Nominated for a National Book Award in 2009, Lips Touch is the first young adult novel written by Laini Taylor. It is composed of three stories that take the reader into a world of goblins, demons, hell, curses and kisses. Sound incongruous? It all makes sense when you realize that kisses can be dangerous.
The first story in the book,Goblin Fruit, is the strongest and my favorite, maybe. Kizzy is a high school student who longs to be beautiful, alluring and attractive to men. But she's not. This makes her the perfect victim for goblins who prey on girls just like her. When a new boy starts school and is immediately attentive to her she responds, though she's been warned by her grandmother to be alert to beautiful men and situations that seem too-good-to-be-true. As relations quicken between Kizzy and Jack she ignores the signs her grandmother is sending, until one final moment of decision. This story is highly sensual and evokes the feelings and atmosphere of Goblin Market, the famous Christina Rossetti poem, perfectly, yet with a modern sensibility.
The second story, Spicy Little Curses Such as These, is set during the British Raj and centers on a curse. At birth Anamique is cursed with the most beautiful voice ever heard, but one that would kill any human who happens to hear it. She lives her life in silent motion, begged by the servants to never utter a sound. At 17 she falls in love with a damaged war veteran and struggles with her desire to tell him of her love. Will the curse be violated or will she remain without a voice? This story didn't capture my interest as much as the other two, but I think it is mainly because I don't really care for the time period or subject matter. It has nothing to do with Taylor's writing.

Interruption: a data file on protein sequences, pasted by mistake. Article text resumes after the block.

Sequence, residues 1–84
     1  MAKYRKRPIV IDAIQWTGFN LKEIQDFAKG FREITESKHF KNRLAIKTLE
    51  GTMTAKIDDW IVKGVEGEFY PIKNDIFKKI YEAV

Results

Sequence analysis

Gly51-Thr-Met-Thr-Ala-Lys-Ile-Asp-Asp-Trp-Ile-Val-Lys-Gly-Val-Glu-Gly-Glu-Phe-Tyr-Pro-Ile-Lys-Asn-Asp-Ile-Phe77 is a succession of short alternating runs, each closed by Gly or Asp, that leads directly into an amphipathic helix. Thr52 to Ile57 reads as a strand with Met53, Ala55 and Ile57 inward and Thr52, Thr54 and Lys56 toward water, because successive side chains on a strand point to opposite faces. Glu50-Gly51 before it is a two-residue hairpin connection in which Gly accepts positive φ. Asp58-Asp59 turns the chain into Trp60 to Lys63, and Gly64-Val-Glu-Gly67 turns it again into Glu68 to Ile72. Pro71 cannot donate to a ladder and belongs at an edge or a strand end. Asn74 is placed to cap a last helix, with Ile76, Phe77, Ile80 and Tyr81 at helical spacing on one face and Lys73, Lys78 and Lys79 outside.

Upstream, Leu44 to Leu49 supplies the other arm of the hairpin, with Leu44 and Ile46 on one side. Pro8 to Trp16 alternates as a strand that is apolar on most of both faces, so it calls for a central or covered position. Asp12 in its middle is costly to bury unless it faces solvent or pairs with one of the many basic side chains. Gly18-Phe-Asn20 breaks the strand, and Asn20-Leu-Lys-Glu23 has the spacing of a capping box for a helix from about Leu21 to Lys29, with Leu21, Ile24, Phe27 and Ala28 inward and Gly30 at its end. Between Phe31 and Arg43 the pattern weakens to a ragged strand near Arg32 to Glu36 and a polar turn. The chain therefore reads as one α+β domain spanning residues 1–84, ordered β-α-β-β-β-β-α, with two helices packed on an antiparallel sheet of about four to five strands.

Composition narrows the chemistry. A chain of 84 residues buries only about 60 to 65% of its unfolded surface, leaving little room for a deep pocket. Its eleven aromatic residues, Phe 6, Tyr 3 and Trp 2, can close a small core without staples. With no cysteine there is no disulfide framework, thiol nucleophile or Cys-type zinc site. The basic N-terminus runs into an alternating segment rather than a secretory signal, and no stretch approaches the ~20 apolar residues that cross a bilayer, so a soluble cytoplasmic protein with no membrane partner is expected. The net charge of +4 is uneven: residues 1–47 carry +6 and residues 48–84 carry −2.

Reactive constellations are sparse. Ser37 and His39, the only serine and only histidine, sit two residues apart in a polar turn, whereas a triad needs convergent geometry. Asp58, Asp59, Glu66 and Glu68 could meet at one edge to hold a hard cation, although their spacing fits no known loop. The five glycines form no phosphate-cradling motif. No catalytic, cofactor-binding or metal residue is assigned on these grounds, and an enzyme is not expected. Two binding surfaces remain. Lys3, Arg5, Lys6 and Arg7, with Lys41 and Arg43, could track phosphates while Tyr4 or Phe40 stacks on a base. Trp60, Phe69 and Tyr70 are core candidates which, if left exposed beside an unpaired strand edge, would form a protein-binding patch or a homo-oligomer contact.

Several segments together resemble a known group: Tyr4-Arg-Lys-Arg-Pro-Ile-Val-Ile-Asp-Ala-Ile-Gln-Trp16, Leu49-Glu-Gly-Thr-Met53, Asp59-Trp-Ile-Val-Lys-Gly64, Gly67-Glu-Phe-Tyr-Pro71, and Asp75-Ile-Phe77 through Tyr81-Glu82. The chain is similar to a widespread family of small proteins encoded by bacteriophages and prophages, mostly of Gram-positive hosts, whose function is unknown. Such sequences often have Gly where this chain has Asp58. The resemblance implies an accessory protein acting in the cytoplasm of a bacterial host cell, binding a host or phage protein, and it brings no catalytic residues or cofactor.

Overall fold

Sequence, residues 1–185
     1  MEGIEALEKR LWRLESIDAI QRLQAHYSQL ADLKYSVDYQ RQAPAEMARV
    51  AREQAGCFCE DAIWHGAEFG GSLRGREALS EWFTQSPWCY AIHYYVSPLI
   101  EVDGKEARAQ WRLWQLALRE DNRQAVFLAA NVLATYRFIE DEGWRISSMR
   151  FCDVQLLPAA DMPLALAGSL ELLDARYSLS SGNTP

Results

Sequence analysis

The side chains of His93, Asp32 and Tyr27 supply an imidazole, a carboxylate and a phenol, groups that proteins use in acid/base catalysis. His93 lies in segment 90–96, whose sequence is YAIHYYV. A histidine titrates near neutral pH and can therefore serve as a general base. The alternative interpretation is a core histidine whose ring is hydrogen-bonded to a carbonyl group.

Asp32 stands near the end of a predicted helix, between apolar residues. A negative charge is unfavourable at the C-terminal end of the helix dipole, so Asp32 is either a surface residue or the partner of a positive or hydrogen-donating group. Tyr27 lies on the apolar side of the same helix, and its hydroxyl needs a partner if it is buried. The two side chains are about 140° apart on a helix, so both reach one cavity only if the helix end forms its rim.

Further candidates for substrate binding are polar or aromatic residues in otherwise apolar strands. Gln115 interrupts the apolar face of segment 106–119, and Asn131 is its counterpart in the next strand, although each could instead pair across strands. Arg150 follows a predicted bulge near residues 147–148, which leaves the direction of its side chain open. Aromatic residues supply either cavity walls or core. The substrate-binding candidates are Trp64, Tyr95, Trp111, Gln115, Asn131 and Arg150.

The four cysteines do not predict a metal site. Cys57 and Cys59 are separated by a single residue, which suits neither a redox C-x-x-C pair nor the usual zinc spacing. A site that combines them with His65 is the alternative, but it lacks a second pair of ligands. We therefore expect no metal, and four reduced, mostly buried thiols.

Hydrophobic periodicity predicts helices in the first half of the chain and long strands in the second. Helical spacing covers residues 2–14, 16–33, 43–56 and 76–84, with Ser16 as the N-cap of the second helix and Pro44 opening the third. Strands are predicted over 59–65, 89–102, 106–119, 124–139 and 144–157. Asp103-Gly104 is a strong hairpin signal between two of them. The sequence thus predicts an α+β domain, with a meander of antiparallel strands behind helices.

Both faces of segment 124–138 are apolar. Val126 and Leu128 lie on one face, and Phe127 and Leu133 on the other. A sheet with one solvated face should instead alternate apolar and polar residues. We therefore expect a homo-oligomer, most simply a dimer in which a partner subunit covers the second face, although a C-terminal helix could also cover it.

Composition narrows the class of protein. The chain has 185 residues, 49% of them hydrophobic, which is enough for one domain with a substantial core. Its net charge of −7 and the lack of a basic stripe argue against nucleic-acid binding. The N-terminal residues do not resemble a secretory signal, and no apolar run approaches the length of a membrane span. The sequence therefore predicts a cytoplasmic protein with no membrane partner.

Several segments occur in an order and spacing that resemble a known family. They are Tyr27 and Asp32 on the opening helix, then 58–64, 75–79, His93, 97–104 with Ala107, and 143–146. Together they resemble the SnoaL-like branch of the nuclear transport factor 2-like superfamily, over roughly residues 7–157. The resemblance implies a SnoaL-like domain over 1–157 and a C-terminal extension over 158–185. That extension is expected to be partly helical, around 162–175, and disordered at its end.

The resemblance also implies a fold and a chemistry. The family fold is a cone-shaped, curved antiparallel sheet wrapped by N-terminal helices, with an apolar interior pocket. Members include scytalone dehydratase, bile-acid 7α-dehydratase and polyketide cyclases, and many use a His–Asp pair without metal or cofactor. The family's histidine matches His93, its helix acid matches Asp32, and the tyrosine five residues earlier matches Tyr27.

The third story is longer than the other two and maddeningly fascinating. Hatchling relates the tale of Esme, a sheltered fourteen-year-old whose life changes dramatically when she wakes up one morning with one blue eye and one brown eye. From this she discovers her mother's shocking history as a "milk sacrifice" to a frightening race of soulless vampire/werewolf like creatures. Hatchling felt Eastern European, black forest, wolfish and dark. I loved it. I think this may be my favorite story.
The illustrations by Taylor's gifted husband, Jim di Bartolo, help create the right atmosphere for her writing.
Taylor is a magnificent and imaginative writer. Her prose is lush without being flowery and gorgeous to read. I am truly in love with her. Her next YA novel will be released in October. I have baited breath.
Wednesday, March 9, 2011
Exposed is a novel in verse that recounts the experience of Liz after her brother is accused of raping her best friend, Kate.
Liz and Kate have been friends since elementary school, "forever-bests", who spend one Saturday a month sleeping over at each other's houses and spending time alone without their boyfriends. This particular Saturday they get into a nasty argument as Liz insults Kate's boyfriend for being a wet blanket and Kate takes offense. Liz tears off to sleep in her room leaving Kate on the couch.
The next morning, Kate is gone.
When Kate won't speak to her or let her apologize, Liz assumes that she is still upset over their argument. But as days turn into weeks she realizes that something more is troubling Kate and she demands to know what. When she finds out that Kate has accused her brother, Mike, of rape she wishes she had never asked.
Marcus does an excellent job at creating the conflicting emotions that Liz experiences as she tries to decide who to believe. Her passion for photography is interwoven through the story, giving us a look at the world through Liz's eyes as she photographs her surroundings.
Though I usually cringe at the thought of reading verse novels, the few that I've read I have really enjoyed. There is something so to the point, yet elusive in their form that works very well in relating dramatic and forceful stories.
This is a convincing novel that does not have a neat solution. For readers who like a firm ending, Exposed won't do. It creates more questions than it answers.